Recently, I inadvertently wound up in a debate with some atheist friends. I didn’t intend to debate – God knows, I hate debates. I just asked what I thought was a simple question… “How can anyone look out at this amazing, beautiful, screwed-up, imperfectly perfect world and wonder, is there a god?” I stumbled over easily refuted facts and figures and was shot down with science at every turn. Now, I love science and am simply fascinated by it. I just think that the more we learn about the Earth and about humanity, it only further proves that there had to be a Creator. Maybe that makes me uneducated and simple… if so, then I am happily guilty.
One of these friends, in turn, asked me a question. “Is there a god? How do you know?”
Well, in truth – I have no proof. I haven’t seen God. I haven’t touched Him. I haven’t had a burning bush come alive and talk to me. There have been no loud, booming voices in the middle of the night. There have been no glowing angels appearing at my beside. And yet, I believe – in spite of my doubt.
Doubt is absolutely essential to faith. Without doubt – there is no faith, only fact.
So, yeah, I’ll admit that I have doubts – big ones – all the time. However, I can tell countless stories of when I knew that there was Someone unseen at work in my life. Today, I’ll tell you one.
Let’s rewind to the end of 1999.
Voluntarily, I checked myself into Mercy Ministries. It was 300 miles away from my parents and my friends. For the sake of my unborn baby, I had no choice but to get clean and get my life back on track. Then, one month after my arrival, I miscarried. Had I miscarried one day later, my parents would have been out of the country, and my sister would have been on tour with one of the bands she worked with. As it happened, my parents were in my city to catch their flight and staying with my sister. They never left my side through the whole ordeal.
Suddenly, my entire reason for getting my life back on track was gone. I can remember telling my father before they took me into surgery, “When this is over, I want you to meet me with a Diet Coke, a pack of Camel Lights, and the car because I’m going home.”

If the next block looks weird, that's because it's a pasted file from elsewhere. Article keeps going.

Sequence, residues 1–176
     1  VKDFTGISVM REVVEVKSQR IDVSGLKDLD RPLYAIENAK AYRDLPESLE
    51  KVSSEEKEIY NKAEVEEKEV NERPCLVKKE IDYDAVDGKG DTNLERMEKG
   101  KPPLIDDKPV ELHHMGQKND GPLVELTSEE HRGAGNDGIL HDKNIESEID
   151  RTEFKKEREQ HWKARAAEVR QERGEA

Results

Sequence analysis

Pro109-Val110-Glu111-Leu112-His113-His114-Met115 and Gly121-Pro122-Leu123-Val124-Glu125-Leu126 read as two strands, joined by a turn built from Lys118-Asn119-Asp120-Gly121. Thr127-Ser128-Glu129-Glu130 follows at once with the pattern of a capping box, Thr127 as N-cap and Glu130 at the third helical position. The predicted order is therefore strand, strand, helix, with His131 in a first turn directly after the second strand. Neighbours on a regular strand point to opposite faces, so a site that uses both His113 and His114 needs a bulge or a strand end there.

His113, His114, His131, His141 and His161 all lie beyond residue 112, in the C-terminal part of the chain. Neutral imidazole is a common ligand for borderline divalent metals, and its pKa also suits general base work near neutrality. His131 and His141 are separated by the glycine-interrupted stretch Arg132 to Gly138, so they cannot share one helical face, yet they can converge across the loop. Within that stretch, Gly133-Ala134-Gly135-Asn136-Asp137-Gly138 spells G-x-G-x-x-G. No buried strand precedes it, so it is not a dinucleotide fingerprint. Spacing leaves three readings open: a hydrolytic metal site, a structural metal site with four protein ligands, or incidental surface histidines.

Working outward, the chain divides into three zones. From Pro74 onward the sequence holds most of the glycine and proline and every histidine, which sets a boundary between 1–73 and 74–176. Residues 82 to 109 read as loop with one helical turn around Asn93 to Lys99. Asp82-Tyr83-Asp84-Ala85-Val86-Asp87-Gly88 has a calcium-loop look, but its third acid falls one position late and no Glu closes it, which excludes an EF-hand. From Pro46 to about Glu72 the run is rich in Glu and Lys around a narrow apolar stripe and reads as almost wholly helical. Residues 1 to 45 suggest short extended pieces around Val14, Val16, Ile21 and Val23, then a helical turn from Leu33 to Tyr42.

My daddy crumbled. He knew – everyone knew – that if I went back home I would die. To this day, I can’t tell you what happened in that operating room, but I woke up with a renewed determination to go back to Mercy and finish the program.
When they delivered me back to rehab the following week, I had mail waiting for me. At the bottom of the stack was a letter from my friend (whom I will call) Joe. Joe was one of the few friends of mine from my hometown that kept in touch with me after I left. Joe wasn’t one of my “church friends,” but unlike all my other friends who had deserted me, he actually cared. As far as I know, Joe wasn’t a Christian or any kind of religious person.
In his letter, he wrote, I don’t know why, but I felt desperate to pray for you this weekend. You have been on my mind since Friday, and I can’t get you out of my head. I’m not some kind of preacher, and I don’t really do the whole ‘prayer thing,’ but for some reason I knew I had to pray for you, and I did. I hope everything is OK.
I grabbed the envelope and it was post-marked the Monday before – the day I checked out of the hospital. My miscarriage happened on Friday night.
For some, this can be easily written off as a coincidence. However, at that time, I was the GREATEST skeptic of God, Jesus, and the whole religious bandwagon. Had that letter been from ANYONE else – my brother, my pastor, my Sunday School teacher – I would have quickly dismissed the kind words. But that letter was from Joe – the guy that sold me cigarettes and beer when I was underage. It was WAY too weird to be a coincidence.
Thirteen years later I still have that letter, scribbled in pencil on a tattered piece of notebook paper. Joe has never understood that he was used by God to tell me, “I’m really here, and I’ve got this.” I reread it in my big moments of doubt and crisis.
Jesus said, “Truly I tell you, if you have faith and do not doubt… you can say to this mountain, ‘Go, throw yourself into the sea,’ and it will be done.” Note that Jesus said, “do not doubt.” That implies that doubt will be there; it doesn’t magically disappear. My past forever landed in the sea that day in 1999 because I allowed, against my own better judgement, my childlike faith to supersede my doubt. In turn, my whole life changed.
The stories that I tell of my drug abuse and teenage pregnancy in Daddy Issues and Pro-Choices are so far removed from who I am today that it often feels like I have read a book about someone else’s life and am giving a colorful book report. That, in and of itself, is grace.
Do you have a story of a moment when you KNEW that God was more than a well-rehearsed fairytale? Share them here!